Fallen Skies is the story of a changing world; a lost generation. Much darker than many of Philippa Gregory’s other fiction novels, the novel is set in a time when many men did not come home, and many of those who did were, in some way, irreparably damaged.
About Fallen Skies by Philippa Gregory
Enter Stephen Winters, a so-called war hero and middle-class gentleman in post-war England. Returned from more than two years in Belgium, Stephen has come home to an ill father and a mourning mother – Stephen’s older brother was killed in the early days of the war.
Stephen did not come home well, either. He awakes each night with nightmares of the carnage he faced while in the trenches, stutters when he talks of the war, and spends his nights with his mute batman and chauffeur. That’s not to mention Stephen’s savagery and disregard for human life.
When Stephen lays eyes on Lily, though, he believes it all will change. A 17-year-old singer, Lily seems to be untouched by the war. Because she lost her father during the early days, Lily likes to pretend the war never happened. Talented and driven by her protective mother, Lily plans to be a star one-day.
That is, until her mother dies, and she has nowhere to go and no money to survive. Despite the love between Lily and her stage directory, Charlie, Lily is forced to marry Stephen and step foot into a new class – a new world, really – in which she feels alone and oppressed, until she starts to make it her own.
Historical Fiction: Post World War I Commentary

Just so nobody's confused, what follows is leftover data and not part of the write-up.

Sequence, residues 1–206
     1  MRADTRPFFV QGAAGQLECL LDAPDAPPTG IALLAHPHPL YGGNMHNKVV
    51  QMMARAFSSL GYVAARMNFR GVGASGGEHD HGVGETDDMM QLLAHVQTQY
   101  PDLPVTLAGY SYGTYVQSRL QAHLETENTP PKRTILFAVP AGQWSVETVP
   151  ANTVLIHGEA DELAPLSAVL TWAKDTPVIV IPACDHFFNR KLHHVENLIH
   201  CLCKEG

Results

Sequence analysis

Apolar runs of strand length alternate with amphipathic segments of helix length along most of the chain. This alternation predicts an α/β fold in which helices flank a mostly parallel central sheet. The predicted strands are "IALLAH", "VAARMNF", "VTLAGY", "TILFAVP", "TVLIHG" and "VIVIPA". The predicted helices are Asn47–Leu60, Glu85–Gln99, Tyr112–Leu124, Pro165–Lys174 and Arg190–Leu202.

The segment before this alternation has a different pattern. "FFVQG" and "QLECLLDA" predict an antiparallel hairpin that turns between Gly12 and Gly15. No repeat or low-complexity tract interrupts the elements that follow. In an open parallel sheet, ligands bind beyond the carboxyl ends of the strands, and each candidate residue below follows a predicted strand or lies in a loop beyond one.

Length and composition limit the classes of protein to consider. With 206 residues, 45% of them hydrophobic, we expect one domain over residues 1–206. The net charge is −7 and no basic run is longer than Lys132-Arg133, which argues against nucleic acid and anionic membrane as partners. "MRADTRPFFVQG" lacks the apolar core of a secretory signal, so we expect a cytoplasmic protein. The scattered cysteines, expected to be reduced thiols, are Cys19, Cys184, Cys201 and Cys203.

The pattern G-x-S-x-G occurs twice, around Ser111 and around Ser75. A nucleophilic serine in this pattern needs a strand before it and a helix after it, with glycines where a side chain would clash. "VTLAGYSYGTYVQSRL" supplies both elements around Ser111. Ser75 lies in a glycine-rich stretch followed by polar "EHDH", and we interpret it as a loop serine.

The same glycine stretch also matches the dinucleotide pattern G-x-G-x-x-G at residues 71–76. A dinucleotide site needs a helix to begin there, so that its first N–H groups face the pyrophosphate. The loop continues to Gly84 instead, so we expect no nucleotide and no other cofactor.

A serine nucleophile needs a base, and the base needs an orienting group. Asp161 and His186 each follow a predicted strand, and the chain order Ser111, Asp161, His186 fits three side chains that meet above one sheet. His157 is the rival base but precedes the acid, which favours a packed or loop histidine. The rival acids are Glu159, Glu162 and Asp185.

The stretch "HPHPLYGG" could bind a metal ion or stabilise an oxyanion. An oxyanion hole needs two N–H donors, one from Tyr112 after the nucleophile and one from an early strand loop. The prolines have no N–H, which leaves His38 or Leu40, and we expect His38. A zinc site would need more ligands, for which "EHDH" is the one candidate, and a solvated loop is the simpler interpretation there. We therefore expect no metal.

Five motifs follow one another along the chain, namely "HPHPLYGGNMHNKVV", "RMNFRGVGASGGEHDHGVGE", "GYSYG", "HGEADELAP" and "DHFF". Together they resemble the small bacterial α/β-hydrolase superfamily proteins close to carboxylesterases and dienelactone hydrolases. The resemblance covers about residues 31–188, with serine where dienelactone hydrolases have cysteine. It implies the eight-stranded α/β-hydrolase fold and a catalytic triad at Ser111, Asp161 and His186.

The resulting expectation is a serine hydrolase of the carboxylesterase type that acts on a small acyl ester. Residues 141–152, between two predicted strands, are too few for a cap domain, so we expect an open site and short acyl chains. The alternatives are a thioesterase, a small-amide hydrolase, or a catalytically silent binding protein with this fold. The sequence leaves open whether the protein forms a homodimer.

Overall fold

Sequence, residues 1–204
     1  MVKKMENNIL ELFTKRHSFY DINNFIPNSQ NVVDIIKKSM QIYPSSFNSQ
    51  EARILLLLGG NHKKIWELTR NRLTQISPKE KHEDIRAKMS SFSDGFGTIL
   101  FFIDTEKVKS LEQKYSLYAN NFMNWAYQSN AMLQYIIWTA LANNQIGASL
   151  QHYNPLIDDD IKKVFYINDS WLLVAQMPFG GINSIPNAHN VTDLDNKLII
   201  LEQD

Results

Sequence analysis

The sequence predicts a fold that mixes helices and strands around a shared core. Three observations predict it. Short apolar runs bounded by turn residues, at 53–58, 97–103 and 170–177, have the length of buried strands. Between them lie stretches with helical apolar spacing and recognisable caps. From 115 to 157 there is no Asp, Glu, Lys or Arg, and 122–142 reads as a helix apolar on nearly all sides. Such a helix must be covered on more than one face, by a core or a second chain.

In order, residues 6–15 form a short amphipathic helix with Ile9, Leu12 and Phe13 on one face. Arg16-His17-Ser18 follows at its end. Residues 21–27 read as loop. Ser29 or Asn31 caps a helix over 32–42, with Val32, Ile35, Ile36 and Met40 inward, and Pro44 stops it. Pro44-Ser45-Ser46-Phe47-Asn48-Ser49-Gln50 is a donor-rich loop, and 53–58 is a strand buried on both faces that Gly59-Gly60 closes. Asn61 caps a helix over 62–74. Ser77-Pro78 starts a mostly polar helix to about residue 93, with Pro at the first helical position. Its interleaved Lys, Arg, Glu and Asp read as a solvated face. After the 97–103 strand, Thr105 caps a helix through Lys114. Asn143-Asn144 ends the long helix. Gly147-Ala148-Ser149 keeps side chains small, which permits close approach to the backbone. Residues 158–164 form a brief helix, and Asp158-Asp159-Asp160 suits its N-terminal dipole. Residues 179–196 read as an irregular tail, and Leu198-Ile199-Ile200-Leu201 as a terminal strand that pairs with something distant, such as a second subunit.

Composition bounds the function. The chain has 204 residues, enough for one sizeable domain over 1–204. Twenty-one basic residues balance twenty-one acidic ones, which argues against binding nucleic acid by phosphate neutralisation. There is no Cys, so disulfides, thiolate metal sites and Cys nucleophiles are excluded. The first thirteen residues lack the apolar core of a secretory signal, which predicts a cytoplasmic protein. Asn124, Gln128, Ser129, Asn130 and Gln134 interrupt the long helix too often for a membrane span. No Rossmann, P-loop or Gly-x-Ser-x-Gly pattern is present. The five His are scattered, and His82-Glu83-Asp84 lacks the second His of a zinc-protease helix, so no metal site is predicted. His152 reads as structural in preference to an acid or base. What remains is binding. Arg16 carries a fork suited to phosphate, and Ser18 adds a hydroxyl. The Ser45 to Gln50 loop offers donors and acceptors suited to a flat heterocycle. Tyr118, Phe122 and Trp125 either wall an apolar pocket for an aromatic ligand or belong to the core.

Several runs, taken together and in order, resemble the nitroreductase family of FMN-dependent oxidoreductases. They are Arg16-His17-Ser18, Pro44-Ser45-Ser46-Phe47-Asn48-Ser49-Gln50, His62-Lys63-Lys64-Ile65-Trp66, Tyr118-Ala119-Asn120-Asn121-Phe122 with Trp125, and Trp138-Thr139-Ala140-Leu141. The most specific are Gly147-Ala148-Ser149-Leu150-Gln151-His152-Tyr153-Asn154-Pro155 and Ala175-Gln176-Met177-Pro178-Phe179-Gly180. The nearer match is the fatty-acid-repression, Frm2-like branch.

Originally published in 1993 and reissued in 2008, Fallen Skies is as much a commentary on post-World War I Britain as it is a historical fiction novel. Gregory deftly uses Lily to symbolize a change in the times, in which women, who had been running the country alone while men were off to war, steadily gained more rights and independence. She uses Stephen to symbolize an entire lost generation of men – men who struggled to readapt to every days life in a changing world, who, if they weren’t missing limbs or appendages, were missing parts of their sanity.
Because of the manner in which Gregory has written Fallen Skies, reading the book is much like peeling an onion. Though slow-paced at times, Gregory manages to keep the reader captivated, while she slowly uncovers more and more about each character, especially Stephen, allowing the reader to get a better idea of what causes the characters to act in the way they do. Gregory has created well-developed, complex characters that evoke strong emotions, giving the reader a reason to carry on with the novel.
That being said, the novel is dark, and at times, depressing. Stephen, the character to really makes the novel move forward, is sick, abusive and destructive. Through the use of beatings, rape and pregnancy, he manipulates Lily and those around him to act in the manner that he deems best.
Lily is the bright spot in the book, refusing at times to bend to Stephen’s wishes. She engages in a bit of manipulation on her own, using her strong character and backbone to give the story personality and optimism.
Despite the dark undertones, Fallen Skies is engaging, entertaining and nearly irresistible.
That being said, the novel becomes a bit disjointed at the end, when the story shifts from a coming-of-age novel to a mystery, all within a few paragraphs. Perhaps it’s fitting when thinking about the personality of Stephen and other troubled individuals, as for a time, the shift simply does not make sense. It’s a little difficult to digest and skip from one mindset to the other, but in the end, Gregory manages to pull it off and make it entertaining – but once again, very dark – for the reader.
Fallen Skies was republished in 2008 by Touchstone. ISBN: 978-1-4165-9314-0
Read other Philippa Gregory Reviews by this author:
Philippa Gregory Novels – Anthology of Gregory’s Work and Biographical Information about the Author
Earthly Joys – Story of John Tradescant, Gardener to King James and George Villliers, Lord Buckingham